Fortunately, we’re here to help you learn how to make your trip as safe as possible. Keep reading, and we’ll reveal everything you need to know about safety in Paris, plus a few extra tips on enjoying the city.

Crimes in Paris

Street view in Montmartre depicting greenery and a general safe atmosphere in Paris

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Below, you’ll find a breakdown of common crimes in Paris. We’ll share crime statistics, where they typically happen, and how you can avoid becoming a victim.


Petty theft or pickpocketing frequently occurs in Paris, and the US government reports that it is the most frequently occurring crime against tourists. Around 50,000 reported thefts took place in the first quarter of 2022 alone.

But how can you avoid becoming another victim of Paris’s pickpocketers? The most vital step is to be vigilant of your surroundings. It’s tempting to bury your face in a phone or map as a tourist, but you must stay alert and keep track of what’s happening around you.

Look out for groups of people, especially youths, who appear shifty or wear discreet clothing. Children are the most likely pickpockets, as the laws make it difficult to prosecute minors in France.

Thieves may belong to any racial or gender category, but most are young. A youth may approach you and start talking to you, while another sneaks up behind you to snatch your wallet or phone, so take caution when chatting with strangers.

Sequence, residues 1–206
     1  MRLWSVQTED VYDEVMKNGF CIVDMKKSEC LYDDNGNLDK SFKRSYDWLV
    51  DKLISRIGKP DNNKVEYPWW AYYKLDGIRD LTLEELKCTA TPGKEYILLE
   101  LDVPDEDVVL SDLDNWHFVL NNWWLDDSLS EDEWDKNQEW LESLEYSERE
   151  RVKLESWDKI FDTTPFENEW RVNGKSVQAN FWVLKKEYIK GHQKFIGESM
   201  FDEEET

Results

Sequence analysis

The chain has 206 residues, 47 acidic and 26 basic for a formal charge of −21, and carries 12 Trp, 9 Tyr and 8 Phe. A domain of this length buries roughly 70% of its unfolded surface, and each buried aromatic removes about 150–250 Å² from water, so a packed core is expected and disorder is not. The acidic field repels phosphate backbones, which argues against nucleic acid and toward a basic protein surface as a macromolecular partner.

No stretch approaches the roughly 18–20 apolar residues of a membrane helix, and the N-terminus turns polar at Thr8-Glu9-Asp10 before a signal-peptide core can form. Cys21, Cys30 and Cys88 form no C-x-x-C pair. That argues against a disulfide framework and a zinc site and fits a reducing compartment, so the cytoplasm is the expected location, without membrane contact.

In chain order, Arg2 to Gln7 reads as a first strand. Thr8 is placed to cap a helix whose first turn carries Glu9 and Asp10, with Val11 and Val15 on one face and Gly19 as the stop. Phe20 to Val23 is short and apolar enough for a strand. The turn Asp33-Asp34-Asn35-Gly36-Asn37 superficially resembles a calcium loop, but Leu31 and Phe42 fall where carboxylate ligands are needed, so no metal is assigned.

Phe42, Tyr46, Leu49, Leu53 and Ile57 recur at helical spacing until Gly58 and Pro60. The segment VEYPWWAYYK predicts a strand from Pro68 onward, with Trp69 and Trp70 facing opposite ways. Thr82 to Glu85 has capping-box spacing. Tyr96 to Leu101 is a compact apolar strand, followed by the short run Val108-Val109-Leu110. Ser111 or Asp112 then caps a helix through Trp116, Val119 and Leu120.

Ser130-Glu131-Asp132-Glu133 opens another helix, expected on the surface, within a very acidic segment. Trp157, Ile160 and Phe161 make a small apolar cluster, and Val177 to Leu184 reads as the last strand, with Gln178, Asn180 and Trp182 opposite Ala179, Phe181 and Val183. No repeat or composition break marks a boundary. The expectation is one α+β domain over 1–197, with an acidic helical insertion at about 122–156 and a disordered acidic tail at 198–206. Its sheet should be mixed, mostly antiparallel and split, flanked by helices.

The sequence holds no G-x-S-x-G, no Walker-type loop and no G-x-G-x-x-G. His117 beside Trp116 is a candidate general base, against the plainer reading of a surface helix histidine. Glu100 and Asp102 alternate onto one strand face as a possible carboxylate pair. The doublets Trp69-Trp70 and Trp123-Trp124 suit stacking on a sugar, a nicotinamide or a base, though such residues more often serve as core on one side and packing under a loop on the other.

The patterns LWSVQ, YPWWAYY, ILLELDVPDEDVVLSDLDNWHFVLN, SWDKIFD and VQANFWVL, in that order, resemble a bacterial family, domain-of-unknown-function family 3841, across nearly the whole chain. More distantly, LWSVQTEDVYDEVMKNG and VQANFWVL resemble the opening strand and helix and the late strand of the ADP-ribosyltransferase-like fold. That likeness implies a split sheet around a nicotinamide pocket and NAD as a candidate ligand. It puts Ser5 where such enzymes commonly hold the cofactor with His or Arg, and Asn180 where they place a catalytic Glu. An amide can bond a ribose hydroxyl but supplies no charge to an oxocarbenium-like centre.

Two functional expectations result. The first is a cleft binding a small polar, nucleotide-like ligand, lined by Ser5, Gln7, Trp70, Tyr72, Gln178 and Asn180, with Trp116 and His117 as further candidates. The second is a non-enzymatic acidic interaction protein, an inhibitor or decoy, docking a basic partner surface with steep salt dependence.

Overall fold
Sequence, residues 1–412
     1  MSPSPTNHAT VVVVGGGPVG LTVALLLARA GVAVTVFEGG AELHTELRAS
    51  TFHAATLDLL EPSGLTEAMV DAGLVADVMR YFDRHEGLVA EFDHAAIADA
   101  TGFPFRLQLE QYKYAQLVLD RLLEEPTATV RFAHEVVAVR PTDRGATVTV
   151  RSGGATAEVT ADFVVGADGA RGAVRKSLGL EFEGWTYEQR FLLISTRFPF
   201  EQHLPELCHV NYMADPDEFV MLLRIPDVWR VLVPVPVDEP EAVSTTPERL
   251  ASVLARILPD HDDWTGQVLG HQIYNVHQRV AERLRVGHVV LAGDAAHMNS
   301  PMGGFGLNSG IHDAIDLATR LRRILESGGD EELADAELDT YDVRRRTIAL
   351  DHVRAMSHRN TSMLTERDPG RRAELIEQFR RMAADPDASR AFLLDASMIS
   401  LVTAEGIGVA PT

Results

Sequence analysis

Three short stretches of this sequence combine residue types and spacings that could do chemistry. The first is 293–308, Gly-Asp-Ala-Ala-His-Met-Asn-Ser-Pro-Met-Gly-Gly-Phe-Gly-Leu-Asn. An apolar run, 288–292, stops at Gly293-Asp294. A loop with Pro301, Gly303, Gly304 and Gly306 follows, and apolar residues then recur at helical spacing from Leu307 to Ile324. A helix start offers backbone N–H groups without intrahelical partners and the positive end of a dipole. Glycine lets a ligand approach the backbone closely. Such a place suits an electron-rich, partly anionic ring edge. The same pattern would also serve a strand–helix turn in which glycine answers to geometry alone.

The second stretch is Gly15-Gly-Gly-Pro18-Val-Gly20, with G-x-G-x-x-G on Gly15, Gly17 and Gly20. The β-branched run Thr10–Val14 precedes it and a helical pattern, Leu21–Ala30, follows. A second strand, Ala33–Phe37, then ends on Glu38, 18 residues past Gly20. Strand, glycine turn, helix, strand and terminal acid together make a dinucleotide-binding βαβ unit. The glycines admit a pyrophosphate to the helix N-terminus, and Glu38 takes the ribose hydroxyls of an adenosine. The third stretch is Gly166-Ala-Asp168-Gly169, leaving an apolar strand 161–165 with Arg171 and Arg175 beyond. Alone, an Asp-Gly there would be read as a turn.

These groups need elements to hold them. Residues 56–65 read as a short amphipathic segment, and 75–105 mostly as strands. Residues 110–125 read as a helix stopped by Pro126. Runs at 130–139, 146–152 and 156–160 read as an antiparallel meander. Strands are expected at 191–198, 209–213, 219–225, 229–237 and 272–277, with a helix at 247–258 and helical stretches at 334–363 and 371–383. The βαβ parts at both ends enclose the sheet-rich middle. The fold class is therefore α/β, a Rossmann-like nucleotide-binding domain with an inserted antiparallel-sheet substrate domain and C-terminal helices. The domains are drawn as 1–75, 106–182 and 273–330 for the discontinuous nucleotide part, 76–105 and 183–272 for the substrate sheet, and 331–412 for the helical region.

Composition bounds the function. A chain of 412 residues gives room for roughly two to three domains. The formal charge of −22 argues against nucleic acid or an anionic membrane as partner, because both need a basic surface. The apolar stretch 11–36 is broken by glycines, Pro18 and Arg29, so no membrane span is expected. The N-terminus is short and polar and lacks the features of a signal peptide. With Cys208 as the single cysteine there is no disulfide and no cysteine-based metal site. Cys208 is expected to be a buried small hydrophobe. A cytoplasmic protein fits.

Pickpocketing is most prevalent in the Paris city center. The US embassy of France states that areas surrounding the Eiffel Tower, the Notre Dame cathedral, and the Champs-Elysées are the worst for pickpocketing.

How can you prevent pickpocketing? There isn’t a guaranteed strategy, but you can reduce your losses by carrying less cash and valuables. Keep less than €40 in your bag and store your identification and cards separately in a deep pocket or small purse.

Civil Unrest

Civil unrest is a concern in Paris and throughout France. Protests frequently happen, especially in larger cities, and crowds can get dangerous. Past events have included arson, property damage, and looting of shops.

While protests are frequent, the majority of them are peaceful. You may see large gatherings of people chanting or holding signs, but that’s not necessarily a sign of immediate danger. There is only a risk to tourists if the protest gets violent.